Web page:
public Task LoadCacheThenRefreshAsync(Func<Task> cacheLoadingMethod, Func<Task> refreshLoadingMethod, Action resultCallback = null, Action errorCallback = null);  

Other than fetching the data from the Internet and the callback methods, this method first takes the cached data (if there is any), making it possible to load the app (actually, the data) much much faster, and after that take the fresh data online if possible. This is one of the two strategies you can take when working with cached data:

  1. Load cache –> load data from the Internet –> add the new data to the UI (refresh UI)
  2. Try loading from the Internet –> fall back to cache if not possible –> fail gracefully if none is possible

Load from cache and then try refresh

In order to accomplish this, call the LoadCacheThenRefreshAsync method (for example in the LoadState method)

            this.DefaultViewModel["DataLoader"] = DataL;
            string someUrl = "http://api.flickr.com/services/rest/?method=flickr.photos.getRecent&amp;api_key=YOUR_API_KEY&amp;format=json";

            var x = DataL.LoadCacheThenRefreshAsync(
                async () => // TRY GETTING FROM CACHE
                    {
                        var result = await JsonCache.GetFromCache(CalculateMD5Hash(someUrl));
                        return result;
                    },
                    async () => // GET THE NEW DATA ONLINE
                        {
                            HttpClient client = new HttpClient();
                            var tempResult = await client.GetStringAsync(new Uri(someUrl, UriKind.Absolute));
                            var resultSubstring = tempResult.Substring(14, tempResult.Length - 15);
                            var photosResult = await JsonConvert.DeserializeObjectAsync(resultSubstring);
                            if (photosResult != null)
                                await JsonCache.Set(CalculateMD5Hash(someUrl), photosResult);
                            return photosResult;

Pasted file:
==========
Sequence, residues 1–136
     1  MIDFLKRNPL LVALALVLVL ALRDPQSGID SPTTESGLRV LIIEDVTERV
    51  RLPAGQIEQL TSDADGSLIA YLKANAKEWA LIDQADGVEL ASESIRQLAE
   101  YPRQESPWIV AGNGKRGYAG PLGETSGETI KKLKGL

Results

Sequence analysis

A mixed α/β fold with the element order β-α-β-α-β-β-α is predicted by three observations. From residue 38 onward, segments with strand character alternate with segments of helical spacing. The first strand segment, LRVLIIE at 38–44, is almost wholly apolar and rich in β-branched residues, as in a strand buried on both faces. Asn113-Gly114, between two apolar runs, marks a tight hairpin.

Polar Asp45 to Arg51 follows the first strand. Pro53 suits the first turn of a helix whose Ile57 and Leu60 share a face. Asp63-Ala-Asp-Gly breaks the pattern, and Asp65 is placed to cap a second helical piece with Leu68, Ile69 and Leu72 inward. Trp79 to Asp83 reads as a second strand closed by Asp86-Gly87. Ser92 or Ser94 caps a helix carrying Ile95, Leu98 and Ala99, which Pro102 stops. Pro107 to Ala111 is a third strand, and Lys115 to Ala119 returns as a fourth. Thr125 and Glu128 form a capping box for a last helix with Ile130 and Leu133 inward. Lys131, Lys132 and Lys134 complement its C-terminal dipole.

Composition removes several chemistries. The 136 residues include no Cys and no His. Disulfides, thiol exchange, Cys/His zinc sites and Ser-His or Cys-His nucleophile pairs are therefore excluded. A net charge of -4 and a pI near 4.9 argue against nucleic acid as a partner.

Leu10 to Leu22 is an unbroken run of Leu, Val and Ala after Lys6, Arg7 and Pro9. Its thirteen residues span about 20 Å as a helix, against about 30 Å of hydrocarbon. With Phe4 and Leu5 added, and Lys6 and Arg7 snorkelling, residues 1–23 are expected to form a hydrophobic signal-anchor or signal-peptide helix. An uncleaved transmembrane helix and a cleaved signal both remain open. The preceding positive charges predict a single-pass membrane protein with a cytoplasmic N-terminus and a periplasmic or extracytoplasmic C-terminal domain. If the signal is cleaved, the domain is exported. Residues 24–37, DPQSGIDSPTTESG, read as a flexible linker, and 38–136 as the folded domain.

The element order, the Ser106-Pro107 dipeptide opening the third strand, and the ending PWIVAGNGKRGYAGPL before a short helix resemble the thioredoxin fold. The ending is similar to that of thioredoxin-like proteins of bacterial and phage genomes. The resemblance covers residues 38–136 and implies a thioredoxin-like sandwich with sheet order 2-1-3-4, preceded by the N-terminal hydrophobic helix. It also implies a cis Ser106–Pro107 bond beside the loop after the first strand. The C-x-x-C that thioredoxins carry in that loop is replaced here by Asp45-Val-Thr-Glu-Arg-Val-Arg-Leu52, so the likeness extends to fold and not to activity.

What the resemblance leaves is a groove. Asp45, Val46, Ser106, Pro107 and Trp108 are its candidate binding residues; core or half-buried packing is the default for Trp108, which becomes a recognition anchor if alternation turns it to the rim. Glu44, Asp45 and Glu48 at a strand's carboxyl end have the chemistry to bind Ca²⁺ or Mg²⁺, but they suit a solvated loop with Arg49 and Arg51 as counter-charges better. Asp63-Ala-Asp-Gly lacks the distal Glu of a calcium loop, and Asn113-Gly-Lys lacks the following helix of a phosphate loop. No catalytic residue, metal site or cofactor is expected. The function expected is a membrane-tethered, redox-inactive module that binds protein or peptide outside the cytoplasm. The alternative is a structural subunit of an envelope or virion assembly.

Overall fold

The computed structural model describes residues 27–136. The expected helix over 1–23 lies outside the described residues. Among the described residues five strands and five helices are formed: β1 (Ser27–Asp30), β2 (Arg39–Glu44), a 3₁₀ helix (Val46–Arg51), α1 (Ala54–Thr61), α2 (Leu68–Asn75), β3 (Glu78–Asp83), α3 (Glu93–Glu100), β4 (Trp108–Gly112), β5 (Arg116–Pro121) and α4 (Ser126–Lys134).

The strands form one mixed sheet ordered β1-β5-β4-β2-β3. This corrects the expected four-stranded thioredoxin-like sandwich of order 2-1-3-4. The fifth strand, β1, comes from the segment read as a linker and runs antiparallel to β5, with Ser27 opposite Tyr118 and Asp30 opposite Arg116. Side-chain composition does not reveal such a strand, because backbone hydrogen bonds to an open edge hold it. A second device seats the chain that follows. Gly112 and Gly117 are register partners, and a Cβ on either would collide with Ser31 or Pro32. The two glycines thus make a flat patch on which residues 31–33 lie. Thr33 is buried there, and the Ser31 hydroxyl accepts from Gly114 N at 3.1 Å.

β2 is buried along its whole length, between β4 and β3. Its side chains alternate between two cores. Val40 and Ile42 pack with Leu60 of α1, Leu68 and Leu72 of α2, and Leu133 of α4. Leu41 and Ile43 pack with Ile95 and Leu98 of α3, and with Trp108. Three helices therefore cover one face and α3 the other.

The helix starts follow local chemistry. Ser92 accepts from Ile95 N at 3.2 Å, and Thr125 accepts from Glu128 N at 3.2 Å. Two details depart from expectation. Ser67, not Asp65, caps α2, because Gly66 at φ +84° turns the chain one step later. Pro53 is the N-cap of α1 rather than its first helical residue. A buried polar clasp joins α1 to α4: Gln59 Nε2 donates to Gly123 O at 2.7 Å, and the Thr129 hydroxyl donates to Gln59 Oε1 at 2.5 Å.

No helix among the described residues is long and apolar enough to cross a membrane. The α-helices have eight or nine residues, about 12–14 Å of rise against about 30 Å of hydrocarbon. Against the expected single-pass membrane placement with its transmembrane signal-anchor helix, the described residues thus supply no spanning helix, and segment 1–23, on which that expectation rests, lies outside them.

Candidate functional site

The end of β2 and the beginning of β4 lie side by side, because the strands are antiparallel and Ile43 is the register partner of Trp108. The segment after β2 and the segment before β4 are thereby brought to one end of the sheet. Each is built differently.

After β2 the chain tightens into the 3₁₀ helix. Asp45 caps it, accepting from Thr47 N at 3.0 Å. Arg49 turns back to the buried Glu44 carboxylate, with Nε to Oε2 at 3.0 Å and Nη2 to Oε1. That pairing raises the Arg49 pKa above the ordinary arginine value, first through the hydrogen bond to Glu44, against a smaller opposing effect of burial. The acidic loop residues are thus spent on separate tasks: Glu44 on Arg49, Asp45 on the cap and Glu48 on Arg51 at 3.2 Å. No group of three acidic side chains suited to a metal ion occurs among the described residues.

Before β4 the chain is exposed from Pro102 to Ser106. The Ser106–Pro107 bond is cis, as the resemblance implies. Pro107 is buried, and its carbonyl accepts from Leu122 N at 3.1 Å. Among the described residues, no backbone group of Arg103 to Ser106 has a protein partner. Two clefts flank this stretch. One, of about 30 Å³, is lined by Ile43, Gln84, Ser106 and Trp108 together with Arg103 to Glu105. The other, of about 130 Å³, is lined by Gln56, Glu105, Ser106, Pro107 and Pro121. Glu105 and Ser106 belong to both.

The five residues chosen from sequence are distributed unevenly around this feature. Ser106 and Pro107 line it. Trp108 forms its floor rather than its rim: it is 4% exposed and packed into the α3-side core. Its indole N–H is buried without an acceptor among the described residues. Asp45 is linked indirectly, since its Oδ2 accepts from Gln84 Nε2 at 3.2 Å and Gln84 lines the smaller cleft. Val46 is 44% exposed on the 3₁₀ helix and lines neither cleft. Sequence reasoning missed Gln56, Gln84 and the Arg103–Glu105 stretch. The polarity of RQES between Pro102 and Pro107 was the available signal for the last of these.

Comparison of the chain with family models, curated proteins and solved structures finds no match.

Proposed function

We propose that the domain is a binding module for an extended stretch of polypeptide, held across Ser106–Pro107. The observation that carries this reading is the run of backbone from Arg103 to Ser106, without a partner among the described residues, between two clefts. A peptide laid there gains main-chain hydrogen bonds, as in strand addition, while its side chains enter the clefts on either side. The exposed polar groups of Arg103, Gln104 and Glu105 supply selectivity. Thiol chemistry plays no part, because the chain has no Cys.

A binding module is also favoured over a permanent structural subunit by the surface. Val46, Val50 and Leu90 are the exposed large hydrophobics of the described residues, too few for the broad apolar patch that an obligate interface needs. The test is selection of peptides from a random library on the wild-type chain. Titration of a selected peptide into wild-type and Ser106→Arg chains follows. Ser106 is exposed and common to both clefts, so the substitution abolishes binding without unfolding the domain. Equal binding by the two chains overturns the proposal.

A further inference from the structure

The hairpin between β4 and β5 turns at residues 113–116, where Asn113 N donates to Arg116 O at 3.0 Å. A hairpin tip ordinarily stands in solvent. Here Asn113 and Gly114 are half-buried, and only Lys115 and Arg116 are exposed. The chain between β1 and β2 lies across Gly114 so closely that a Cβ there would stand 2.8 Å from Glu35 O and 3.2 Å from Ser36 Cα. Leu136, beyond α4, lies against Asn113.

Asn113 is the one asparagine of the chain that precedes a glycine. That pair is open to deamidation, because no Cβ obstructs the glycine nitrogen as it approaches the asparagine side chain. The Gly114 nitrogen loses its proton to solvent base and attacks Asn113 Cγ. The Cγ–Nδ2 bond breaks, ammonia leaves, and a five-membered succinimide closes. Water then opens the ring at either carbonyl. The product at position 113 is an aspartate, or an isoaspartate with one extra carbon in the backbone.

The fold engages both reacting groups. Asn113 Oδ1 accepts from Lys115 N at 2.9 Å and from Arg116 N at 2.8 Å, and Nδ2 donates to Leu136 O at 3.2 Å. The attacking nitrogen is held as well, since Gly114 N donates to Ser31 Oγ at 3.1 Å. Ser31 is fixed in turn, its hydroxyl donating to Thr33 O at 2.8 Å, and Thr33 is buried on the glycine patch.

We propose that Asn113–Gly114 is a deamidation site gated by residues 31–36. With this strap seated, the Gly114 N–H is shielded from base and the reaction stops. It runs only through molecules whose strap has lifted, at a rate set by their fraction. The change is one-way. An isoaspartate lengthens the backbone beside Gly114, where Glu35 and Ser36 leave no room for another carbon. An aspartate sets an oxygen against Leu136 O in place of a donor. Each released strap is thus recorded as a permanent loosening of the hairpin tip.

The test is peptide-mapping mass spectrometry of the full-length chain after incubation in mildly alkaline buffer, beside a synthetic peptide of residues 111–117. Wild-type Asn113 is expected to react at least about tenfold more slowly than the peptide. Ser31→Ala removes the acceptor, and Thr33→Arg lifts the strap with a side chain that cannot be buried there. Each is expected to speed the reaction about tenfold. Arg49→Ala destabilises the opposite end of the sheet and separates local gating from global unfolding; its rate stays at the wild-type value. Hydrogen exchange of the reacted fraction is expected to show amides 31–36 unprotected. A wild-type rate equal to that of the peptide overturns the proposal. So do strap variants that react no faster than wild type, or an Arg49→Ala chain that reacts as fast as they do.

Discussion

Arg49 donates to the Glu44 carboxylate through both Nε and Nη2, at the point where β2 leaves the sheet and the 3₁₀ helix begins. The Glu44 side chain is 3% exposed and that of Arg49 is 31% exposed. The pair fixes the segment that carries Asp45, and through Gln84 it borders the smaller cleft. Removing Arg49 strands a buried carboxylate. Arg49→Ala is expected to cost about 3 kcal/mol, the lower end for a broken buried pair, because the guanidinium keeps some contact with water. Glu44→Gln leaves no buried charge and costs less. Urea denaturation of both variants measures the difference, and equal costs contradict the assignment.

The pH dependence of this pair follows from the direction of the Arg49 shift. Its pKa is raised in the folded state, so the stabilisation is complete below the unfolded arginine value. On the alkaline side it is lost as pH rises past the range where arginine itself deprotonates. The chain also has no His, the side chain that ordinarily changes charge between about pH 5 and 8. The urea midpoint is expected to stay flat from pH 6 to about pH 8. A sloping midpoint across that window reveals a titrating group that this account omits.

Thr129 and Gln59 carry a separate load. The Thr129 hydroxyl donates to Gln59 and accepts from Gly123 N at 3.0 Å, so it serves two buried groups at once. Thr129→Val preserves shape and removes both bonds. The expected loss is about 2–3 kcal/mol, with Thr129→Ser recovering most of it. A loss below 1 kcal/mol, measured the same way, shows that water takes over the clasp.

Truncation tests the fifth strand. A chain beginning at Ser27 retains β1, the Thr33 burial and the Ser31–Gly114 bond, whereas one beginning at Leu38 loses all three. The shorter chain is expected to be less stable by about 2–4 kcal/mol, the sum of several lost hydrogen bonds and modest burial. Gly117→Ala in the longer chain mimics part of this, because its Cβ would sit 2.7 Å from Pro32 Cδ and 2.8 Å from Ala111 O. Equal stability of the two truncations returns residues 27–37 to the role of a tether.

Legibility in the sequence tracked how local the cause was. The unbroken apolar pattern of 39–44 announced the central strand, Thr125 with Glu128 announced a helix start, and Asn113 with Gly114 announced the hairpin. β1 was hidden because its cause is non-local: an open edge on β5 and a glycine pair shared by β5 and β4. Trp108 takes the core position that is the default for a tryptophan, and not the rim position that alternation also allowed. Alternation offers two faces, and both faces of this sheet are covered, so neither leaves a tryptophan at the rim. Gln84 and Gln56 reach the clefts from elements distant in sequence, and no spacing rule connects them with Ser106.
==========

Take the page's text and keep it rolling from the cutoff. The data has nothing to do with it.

}, (result) => // CALLBACK DO SOMETHING WITH THE RESULT
                            {
                                //check the difference here, refresh the UI
                                if (result != null &amp;&amp; result.photos!=null)
                                this.DefaultViewModel["Groups"] = result.photos.photo;
                            }, async (exc) => // IF EXCEPTION
                                {
                                    var msg = new MessageDialog(exc.Message, "Error");
                                    await msg.ShowAsync();
                                });

The comments in the code explain what each method does. The ways in which you compare results and refresh the UI depend on the use case, and by handling the exception callback, you can fail gracefully if something happens. This is the strategy I prefer to use in my Windows Phone apps because phones are more often used over slower networks and getting the data as soon as possible is crucial for the user experience

Load from the Internet, fallback to cache

In order to do this, I extended the Q42.WinRT library (available on GitHub under MIT license), actually the DataLoader class with a new method called LoadRefreshFallbacktoCacheAsync (obsolete - the method has now become a part of Q42.WinRT framework - name of the method is LoadFallbackToCacheAsync)

        public async Task LoadRefreshFallbackToCacheAsync(Func<Task> refreshLoadingMethod, Func<Task> cacheLoadingMethod, Action resultCallback = null, Action errorCallback = null)
        {
            LoadingState = Data.LoadingState.Loading;
            T refreshResult = default(T);
            T cacheResult = default(T);

            try
            {
                refreshResult = await refreshLoadingMethod();
                if (resultCallback != null)
                    resultCallback(refreshResult);